Lissa Linden writes contemporary romance about women she’d like to hang out with, and the men who can keep up with them. When she’s not writing, she’s either reading, traveling, or reading about traveling. Luckily, her husband is completely on board with spontaneously booking trips to say, eastern Europe. A proud history and languages nerd, Lissa is fluent in Shakespearean insults and dirty jokes through the ages.

 

Lisa can be found on the following platforms:

Website address: https://lissalinden.com/
Twitter link: https://twitter.com/Lissa_Linden
Goodreads link: https://www.goodreads.com/author/show/17470446.Lissa_Linden
Buy link for your latest or soon to be released book: https://www.carinapress.com/shop/books/9781488097041_one-match-fire.html

More Successful Query Letters:

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Dianne Freeman’s Successful Twitter Pitch Query

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Dianne Freeman’s Successful Twitter Pitch Query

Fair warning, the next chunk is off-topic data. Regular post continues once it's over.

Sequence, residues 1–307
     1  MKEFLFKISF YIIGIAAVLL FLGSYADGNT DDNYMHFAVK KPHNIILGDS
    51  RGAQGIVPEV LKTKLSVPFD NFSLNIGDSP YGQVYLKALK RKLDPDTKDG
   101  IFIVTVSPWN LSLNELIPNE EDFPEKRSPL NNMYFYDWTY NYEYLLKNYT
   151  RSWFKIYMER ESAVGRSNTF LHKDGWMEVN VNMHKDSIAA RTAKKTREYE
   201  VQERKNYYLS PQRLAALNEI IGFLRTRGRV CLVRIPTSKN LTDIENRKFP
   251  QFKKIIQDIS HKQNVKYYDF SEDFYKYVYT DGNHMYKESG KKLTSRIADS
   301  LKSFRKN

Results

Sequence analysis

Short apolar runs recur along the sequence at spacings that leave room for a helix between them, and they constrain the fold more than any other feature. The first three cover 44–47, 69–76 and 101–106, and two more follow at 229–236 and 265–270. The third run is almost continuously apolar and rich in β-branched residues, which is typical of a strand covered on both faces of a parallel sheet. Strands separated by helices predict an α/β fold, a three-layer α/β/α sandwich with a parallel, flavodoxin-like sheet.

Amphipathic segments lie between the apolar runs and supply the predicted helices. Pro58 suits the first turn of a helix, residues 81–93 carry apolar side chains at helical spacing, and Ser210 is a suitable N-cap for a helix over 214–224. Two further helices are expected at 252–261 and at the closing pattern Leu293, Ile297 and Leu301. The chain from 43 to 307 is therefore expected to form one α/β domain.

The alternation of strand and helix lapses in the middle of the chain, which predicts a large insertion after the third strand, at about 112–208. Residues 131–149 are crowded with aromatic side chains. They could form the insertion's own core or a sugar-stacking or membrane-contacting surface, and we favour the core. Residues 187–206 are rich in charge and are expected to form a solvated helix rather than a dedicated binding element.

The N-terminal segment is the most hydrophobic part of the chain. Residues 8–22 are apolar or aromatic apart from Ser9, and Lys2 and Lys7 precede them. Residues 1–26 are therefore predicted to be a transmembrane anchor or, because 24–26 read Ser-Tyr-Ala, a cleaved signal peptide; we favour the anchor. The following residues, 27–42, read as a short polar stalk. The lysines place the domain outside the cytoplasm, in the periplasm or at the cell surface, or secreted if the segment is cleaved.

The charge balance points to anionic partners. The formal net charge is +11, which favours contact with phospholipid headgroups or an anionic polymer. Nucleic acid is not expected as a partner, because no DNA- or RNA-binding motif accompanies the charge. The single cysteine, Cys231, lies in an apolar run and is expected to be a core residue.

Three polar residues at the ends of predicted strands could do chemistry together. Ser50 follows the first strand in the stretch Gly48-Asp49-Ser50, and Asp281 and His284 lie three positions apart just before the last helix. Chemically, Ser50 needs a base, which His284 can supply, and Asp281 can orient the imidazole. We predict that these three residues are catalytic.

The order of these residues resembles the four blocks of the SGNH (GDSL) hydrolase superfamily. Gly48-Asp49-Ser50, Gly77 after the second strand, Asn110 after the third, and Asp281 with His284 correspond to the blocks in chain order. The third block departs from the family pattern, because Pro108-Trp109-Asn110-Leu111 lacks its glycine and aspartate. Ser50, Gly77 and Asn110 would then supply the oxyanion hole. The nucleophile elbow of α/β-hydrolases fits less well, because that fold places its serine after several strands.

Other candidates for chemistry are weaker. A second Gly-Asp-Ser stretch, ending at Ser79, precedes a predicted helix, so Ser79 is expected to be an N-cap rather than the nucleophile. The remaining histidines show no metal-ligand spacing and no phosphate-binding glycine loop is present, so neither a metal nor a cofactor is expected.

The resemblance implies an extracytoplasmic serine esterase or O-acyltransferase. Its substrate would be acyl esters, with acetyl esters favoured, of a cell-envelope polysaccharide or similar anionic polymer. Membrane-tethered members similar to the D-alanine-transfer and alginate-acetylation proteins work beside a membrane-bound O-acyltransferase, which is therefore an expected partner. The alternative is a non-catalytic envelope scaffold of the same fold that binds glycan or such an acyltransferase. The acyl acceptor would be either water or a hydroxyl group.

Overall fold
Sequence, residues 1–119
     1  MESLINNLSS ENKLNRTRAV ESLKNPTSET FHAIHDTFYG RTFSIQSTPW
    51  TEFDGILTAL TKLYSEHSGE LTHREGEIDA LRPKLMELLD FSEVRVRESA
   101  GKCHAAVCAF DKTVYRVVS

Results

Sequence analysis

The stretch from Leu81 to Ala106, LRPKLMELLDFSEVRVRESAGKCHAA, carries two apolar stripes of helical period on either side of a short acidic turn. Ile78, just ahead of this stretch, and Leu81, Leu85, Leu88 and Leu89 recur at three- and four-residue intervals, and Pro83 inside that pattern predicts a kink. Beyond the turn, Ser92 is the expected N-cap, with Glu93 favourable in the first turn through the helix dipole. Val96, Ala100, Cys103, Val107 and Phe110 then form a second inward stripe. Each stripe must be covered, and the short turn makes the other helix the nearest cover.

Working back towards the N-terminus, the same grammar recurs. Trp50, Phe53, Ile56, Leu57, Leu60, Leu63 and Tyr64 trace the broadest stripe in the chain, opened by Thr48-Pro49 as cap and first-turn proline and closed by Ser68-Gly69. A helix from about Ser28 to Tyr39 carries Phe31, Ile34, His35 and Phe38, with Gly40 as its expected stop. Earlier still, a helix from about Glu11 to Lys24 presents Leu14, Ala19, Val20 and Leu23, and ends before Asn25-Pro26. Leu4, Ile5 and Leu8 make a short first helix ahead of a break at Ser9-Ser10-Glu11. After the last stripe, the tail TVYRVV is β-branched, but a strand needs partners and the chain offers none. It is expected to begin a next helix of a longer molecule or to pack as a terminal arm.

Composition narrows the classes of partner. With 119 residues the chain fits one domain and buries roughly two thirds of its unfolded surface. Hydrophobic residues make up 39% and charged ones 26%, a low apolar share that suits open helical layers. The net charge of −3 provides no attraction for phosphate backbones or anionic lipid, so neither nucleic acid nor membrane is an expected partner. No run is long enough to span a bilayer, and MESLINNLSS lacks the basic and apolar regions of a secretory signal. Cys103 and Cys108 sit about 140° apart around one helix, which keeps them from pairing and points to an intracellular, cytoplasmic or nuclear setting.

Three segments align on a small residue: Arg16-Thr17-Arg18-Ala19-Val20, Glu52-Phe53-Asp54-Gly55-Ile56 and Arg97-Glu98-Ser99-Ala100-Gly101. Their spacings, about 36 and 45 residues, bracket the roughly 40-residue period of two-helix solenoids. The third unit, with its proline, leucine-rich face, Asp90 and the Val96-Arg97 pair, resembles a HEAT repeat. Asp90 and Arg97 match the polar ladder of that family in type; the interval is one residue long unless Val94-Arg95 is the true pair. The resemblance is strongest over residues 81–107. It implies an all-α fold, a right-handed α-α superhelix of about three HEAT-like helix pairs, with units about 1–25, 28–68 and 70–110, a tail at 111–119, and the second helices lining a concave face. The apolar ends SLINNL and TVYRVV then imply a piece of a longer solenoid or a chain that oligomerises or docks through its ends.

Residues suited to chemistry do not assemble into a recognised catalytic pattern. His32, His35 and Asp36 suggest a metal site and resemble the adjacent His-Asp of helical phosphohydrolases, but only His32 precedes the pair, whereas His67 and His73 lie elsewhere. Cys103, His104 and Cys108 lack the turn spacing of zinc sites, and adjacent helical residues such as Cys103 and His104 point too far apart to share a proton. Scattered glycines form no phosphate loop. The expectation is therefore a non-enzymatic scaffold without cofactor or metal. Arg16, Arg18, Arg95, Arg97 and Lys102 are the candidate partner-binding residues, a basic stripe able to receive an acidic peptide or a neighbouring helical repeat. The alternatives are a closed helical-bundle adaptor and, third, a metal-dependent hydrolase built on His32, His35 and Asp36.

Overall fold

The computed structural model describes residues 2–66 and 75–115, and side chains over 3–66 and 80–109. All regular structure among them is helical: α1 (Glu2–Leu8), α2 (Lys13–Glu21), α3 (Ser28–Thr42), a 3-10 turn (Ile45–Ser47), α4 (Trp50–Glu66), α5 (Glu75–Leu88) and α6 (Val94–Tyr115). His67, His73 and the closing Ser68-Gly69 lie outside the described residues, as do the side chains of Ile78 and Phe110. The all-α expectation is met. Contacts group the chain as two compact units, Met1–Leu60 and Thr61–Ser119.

Dianne it’s fantastic to welcome you to my blog, and thank you so much for sharing your Twitter querying experience with us, which is different to the usual route, but becoming such a popular way of querying. Also a very big thanks, for sharing your Twitter pitch, that lead to you getting that coveted YES. I know many aspiring authors out there will be supremely grateful for your generosity in sharing, because let’s face it, for most of us the querying process is daunting, and the more successful examples out there, the better! And I love that this example is of a different method of querying!

Thanks so much for having me, Maddison.